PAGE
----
In today’s micro-lecture, Australian Paramedical College Hon. Snr. Lecturer Sam Willis talks about scoop stretchers.
Welcome to this micro-lecture on scoop stretchers.
Now, as a paramedic, at some point in your career, you are going to need to be able to log roll your patient, get them off the ground or out of the situation that they are in, and into the back of an ambulance so they could be conveyed to hospital for further treatment and assessment. Now, the good news is, is that there is something called a NEXUS criteria, which is a five-point criteria scale that allows you, as a paramedic, to determine if this is even necessary in the first place.
What we are talking about here is an area that is highly controversial right now. There’s a growing body of evidence that says that we shouldn’t be placing our patients onto any solid, hard surface for prolonged periods of time, and especially not strapping them down and keeping them there because what you end up with is tissue damage caused by pressure sores due to a lack of circulation going into that tissue.
When you are choosing to log roll somebody onto a piece of equipment, such as the rescue board, the Combi Carrier, which is this one here, or any other type of solid piece of equipment, you have to use careful and clinical decision-making because it’s not always in the patient’s best interest. However, we have to understand that if a patient is presenting with signs and symptoms of a spinal injury, which could potentially injure their spinal cord, we need to actually immobilise them and it’s really, really important. The C-spine is always more important than any other part of the body.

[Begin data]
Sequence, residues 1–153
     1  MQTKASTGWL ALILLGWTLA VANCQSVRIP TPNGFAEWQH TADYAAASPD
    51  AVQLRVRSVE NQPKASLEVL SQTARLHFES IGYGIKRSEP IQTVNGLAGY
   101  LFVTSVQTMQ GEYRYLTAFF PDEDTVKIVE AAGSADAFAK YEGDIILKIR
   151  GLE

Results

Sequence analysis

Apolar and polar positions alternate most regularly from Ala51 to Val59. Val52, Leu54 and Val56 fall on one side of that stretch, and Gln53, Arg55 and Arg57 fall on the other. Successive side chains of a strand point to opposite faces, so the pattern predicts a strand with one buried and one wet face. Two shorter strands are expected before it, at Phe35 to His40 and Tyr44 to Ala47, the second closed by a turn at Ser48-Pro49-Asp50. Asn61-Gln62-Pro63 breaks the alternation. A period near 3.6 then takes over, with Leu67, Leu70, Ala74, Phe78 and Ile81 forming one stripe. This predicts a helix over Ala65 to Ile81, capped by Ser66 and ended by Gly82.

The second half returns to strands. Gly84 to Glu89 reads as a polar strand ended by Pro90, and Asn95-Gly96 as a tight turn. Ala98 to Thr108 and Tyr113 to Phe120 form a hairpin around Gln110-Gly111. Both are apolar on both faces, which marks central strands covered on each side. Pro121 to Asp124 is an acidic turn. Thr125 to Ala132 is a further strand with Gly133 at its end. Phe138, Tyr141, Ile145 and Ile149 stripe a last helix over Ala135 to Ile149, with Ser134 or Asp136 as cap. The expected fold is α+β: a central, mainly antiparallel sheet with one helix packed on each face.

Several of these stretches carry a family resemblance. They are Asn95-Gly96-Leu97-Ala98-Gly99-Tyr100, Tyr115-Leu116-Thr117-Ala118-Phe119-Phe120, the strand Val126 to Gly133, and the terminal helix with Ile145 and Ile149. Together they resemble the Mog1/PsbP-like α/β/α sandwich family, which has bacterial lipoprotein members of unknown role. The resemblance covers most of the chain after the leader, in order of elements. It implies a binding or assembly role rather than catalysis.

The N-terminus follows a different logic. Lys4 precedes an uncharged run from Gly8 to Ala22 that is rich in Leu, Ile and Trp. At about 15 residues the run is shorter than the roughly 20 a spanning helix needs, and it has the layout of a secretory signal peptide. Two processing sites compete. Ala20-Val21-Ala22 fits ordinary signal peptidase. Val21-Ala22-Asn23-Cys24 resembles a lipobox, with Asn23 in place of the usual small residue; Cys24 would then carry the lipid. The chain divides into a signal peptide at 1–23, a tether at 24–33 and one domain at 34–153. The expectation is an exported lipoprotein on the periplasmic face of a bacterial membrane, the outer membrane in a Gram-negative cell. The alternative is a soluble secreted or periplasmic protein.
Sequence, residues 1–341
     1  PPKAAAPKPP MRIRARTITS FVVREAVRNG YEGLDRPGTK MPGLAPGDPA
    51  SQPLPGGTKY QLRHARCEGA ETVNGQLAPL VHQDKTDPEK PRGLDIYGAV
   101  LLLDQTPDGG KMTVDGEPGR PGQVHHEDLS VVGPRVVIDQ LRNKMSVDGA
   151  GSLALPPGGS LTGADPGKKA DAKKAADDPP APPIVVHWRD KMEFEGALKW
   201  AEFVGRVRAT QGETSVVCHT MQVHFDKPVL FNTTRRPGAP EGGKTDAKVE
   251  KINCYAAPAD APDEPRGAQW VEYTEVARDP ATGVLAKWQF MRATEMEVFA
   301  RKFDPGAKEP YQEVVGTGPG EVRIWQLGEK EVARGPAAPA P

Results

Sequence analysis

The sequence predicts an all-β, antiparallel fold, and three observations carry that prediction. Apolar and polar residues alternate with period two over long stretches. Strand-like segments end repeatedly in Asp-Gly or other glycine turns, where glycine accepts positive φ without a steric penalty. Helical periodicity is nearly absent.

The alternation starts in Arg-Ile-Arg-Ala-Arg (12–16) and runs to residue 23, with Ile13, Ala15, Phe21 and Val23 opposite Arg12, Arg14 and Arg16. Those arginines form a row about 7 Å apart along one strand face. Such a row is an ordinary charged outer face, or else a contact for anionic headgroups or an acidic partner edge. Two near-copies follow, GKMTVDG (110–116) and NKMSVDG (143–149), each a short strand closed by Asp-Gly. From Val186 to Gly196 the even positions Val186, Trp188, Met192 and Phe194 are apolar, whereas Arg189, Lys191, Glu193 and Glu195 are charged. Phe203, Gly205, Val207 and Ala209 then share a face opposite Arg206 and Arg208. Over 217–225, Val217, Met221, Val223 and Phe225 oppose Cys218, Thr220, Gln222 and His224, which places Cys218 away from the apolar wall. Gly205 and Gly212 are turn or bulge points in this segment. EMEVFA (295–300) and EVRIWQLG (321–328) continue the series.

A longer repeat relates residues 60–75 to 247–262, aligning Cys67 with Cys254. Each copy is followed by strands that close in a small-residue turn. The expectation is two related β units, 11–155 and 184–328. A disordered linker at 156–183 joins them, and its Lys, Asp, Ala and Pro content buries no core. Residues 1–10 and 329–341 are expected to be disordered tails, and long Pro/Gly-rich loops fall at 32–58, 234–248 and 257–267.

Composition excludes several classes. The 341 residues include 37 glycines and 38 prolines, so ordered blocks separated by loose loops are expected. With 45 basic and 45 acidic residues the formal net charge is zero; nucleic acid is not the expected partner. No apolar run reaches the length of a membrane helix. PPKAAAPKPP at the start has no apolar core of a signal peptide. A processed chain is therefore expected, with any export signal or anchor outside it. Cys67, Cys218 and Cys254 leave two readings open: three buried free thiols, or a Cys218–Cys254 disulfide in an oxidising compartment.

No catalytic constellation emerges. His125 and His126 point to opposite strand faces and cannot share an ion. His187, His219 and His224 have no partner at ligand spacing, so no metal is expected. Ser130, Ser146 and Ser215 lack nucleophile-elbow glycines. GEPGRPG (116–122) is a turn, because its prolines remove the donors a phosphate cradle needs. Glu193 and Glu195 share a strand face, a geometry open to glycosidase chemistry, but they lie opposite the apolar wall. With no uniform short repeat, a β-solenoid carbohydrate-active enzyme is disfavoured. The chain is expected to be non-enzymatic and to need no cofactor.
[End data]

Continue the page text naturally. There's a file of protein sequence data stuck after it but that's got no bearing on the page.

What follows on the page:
How do we do it, then? We need to generally log roll our patient. But, once we’ve log-rolled our patient, we’re basically tipping our patient to a 15-degree angle and placing a piece of equipment underneath them. Now, more and more ambulance services are starting to use this Combi Carrier or a version of Combi Carrier. In other words, a piece of equipment that separates in half. You then log roll your patient, place one half under your patient, log roll them back, and then do the same on the other side.
Now, these pieces of equipment are great for getting patients out of tricky situations, as well as just simply lifting them off the floor. You can use them to extricate patients because you can strap patients onto it. Let’s zoom in on this one here. Notice how you’ve got this solid plastic, which is great for putting patients onto a hard surface when you need to get them out of different situations. You’ve also got these yellow bars that allow you to strap your patient onto the Combi Carriers.
If we were just to go back a second, notice how these boards come apart and they are really, really simple. In this image here, you can see the clip. What this person is doing is just pulling the clip back to allow this top part of the board to be released. When you’re pushing them in, they really just do click in dead simply.
Now, there are other types of stretcher that look like this and act in the same manner, including the scoop stretcher. If you just type in scoop stretcher, you can see all the different types. All they are designed to do is scoop your patient up. As you can see all of these different types of stretcher. They separate and they go under each side of your patient and then you can click them in. So they work in exactly the same way.
Some materials are better than the other. For example, these aluminium ones here, they’re very good at lowering and raising your patient’s body temperature, which is something you don’t want.
I hope you enjoyed the micro-lecture on scoop stretchers.